Plane Trigonometry


  2. A. Course Title: Plane Trigonometry
    B. Course Number: MA 123 - 30281
    C. Semester: Fall 2018
    D. Days/Time: Online
    E. Credit Hours: 3
    F. Instructor: Schmitz, Charlotte
    G. Office: Heidel Hall (HH) 216
    H. Email Address:
    I. Office Phone: (575) 492-2817
    J. Office Hours: Monday: 8:30:00 AM-11:00:00 AM (MST);
    Tuesday: 8:00:00 AM-9:30:00 AM (MST);
    Wednesday: 8:30:00 AM-11:00:00 AM (MST);
    Thursday: 8:00:00 AM-9:30:00 AM (MST);
    Friday: 8:30:00 AM-10:30:00 AM (MST);
    Questions submitted Monday through Friday by 9:00 am will have a reply within 24 hours. Questions submitted over weekends or holidays will be answered by the end of next academic day. Note: Grades for regular coursework will update to Canvas daily. Grades for assessments will be posted within one week of deadline announced in class or in Canvas.
    K. Time Zone: Mountain Time
    L. Prerequisite(s): MA 113 or appropriate placement test score
    M. Corequisite(s):
    N. Class Location: Virtual

    This course will cover trigonometric functions, solutions of right triangles, properties and relationships between trigonometric functions, radian measures of the angles, graphs of trigonometric functions, the addition formulas, double-angle formulas, half-angle formulas, solution of the general triangle, inverse trigonometric functions, and solutions of trigonometric equations. This is a three credit hour course. Prerequisite: MA 113 or equivalent or appropriate score on a placement test.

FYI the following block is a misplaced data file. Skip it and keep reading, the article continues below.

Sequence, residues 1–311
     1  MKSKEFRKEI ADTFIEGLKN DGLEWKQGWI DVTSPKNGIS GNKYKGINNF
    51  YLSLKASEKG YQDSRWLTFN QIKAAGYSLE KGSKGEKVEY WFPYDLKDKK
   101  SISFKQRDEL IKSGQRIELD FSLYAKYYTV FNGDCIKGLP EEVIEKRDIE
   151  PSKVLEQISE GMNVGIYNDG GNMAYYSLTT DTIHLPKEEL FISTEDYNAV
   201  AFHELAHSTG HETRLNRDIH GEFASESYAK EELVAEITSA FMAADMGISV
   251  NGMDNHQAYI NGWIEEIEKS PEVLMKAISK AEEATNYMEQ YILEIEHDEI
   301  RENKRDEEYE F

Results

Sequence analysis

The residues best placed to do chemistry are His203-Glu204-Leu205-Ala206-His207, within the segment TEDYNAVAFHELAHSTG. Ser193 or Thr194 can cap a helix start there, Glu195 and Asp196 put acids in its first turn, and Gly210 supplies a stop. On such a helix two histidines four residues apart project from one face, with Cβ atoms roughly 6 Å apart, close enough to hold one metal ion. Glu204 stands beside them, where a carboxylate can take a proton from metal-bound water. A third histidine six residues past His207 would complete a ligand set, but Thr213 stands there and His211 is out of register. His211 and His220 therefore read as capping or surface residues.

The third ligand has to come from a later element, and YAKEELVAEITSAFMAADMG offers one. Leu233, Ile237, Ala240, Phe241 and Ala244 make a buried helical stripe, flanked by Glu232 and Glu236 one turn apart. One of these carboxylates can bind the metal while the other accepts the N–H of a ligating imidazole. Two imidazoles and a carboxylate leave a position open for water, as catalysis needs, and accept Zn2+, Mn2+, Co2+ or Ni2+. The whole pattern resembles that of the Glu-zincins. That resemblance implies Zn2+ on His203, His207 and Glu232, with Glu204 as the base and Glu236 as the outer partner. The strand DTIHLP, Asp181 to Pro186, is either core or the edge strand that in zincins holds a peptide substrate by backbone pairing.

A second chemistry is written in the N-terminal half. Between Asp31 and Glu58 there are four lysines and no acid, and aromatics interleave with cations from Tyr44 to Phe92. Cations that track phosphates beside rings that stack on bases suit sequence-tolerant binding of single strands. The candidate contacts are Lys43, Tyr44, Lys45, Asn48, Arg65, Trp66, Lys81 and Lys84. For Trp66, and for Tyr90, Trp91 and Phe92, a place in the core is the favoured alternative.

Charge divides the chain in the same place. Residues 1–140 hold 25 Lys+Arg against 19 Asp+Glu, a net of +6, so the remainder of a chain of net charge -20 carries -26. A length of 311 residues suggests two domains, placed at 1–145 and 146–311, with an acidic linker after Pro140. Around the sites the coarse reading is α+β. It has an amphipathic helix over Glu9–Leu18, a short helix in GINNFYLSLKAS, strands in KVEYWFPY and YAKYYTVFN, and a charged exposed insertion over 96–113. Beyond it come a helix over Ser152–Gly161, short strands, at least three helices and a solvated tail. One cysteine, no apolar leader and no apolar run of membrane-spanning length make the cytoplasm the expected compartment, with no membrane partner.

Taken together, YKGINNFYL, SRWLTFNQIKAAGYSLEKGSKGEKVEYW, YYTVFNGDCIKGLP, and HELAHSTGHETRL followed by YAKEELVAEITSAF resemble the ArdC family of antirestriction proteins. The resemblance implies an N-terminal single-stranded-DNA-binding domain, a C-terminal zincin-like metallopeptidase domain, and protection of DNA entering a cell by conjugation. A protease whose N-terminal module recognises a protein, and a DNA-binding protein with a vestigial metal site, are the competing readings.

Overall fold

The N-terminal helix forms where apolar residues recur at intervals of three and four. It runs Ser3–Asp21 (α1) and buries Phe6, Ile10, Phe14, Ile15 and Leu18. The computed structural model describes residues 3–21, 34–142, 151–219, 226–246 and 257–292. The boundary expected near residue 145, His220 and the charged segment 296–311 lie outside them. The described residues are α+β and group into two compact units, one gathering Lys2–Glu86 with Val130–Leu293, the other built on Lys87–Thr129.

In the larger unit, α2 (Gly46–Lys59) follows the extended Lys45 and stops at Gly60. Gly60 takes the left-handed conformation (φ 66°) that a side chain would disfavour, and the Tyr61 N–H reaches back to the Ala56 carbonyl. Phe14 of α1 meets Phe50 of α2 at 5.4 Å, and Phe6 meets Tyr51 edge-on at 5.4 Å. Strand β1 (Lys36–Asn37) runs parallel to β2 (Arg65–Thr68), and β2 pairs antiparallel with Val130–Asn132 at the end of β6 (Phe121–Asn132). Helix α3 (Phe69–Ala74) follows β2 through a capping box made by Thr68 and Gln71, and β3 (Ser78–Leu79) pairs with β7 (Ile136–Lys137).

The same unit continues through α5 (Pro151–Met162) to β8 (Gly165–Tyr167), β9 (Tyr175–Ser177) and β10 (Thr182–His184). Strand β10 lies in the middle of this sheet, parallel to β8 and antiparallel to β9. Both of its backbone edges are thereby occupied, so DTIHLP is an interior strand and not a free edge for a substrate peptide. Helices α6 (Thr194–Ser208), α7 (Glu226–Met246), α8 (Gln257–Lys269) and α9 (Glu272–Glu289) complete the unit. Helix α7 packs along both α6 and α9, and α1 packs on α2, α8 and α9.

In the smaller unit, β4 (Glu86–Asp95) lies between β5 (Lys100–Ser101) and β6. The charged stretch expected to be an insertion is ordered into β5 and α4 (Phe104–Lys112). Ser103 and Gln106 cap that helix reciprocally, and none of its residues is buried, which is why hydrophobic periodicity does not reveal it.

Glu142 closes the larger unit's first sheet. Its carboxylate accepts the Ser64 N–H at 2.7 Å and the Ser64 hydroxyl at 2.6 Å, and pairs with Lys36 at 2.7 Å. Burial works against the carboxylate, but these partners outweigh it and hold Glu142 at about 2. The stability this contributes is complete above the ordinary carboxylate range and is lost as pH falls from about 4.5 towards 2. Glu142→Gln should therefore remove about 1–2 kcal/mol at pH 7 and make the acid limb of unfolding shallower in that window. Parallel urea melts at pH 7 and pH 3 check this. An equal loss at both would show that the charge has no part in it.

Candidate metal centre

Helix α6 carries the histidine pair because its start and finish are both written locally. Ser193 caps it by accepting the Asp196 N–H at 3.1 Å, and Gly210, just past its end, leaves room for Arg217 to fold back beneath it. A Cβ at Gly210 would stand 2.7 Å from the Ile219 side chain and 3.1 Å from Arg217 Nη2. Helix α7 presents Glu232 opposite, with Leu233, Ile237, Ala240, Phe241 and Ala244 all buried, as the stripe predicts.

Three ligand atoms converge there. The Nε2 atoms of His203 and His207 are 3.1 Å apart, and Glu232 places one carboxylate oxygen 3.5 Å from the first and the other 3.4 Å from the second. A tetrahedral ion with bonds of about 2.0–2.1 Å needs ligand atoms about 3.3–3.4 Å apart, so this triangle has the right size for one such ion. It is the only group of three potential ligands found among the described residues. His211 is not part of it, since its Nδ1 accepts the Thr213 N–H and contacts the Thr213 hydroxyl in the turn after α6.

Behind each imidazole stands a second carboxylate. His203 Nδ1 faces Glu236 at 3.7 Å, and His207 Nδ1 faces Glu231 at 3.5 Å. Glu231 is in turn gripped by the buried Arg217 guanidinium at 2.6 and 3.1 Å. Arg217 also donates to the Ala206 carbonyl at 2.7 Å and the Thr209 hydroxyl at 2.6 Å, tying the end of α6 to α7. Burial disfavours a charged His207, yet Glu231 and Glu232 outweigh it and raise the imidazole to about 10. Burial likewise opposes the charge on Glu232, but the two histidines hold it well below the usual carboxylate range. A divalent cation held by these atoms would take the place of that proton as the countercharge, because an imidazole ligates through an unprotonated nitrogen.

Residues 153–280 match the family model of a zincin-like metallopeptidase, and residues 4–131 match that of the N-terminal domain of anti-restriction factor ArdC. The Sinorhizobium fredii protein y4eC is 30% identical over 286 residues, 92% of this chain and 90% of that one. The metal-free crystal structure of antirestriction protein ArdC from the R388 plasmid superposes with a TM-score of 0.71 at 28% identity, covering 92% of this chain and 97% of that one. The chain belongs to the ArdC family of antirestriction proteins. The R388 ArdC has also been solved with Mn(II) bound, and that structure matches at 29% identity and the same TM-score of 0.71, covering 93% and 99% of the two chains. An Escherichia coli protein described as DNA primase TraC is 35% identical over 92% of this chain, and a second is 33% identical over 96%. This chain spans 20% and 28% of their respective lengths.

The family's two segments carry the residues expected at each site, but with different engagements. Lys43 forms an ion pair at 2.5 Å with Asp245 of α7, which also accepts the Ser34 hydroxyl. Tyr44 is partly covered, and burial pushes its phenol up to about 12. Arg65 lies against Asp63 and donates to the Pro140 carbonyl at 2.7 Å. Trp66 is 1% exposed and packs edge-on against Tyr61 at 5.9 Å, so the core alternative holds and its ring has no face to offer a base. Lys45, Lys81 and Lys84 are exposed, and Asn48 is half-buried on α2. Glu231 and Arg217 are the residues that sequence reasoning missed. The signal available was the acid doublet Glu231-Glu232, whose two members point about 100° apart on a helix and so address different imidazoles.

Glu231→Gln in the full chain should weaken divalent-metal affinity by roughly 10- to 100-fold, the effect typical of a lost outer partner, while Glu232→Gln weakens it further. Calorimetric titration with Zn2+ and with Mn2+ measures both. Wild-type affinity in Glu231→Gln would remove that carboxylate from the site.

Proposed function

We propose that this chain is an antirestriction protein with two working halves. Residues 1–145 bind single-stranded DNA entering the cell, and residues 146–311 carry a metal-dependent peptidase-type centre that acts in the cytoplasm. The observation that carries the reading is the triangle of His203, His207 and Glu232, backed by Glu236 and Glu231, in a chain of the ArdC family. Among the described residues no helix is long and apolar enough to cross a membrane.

Trigonometry is the study of triangles and the measurements within triangles, which is a necessary component of Physics, Engineering, and Calculus. Trigonometry should transfer to most colleges for mathematics credit.



    PRECALCULUS; Paul Sisson; Hawkes; Second Edition
    Textbook WITH courseware access: 978-1-941552-90-2

    DO NOT attempt to set up your account using Hawkes Learning website. You must connect through the link in Canvas to have access to your work.

    Note: Hawkes courseware comes with an automatic free trial period of 14 days. This temporary access starts on the first day of class and cannot be extended. Please plan for how to purchase the access code prior to the end of the trial period.

    Students may chose any type of calculator for lessons, but tests will require a scientific calculator only. NO graphing calculators will be allowed on tests.


    You can buy your books online at the NMJC Bookstore.


    Students attending New Mexico Junior College will be evaluated according to the following grading scale:

    						90 - 100%	=	A
    						80 -  89%	=	B
    						70 -  79%	=	C
    						60 -  69%	=	D
    					 	 0 -  59%	=	F


    Warning: This course requires proctored exams.  Students are required to use an approved testing facility.  Read information regarding Assessments carefully.  Contact the instructor for additional information.

    For this course your grade will be made up of the following:

    HOMEWORK:                     15%   

    CHAPTER TESTS:              25%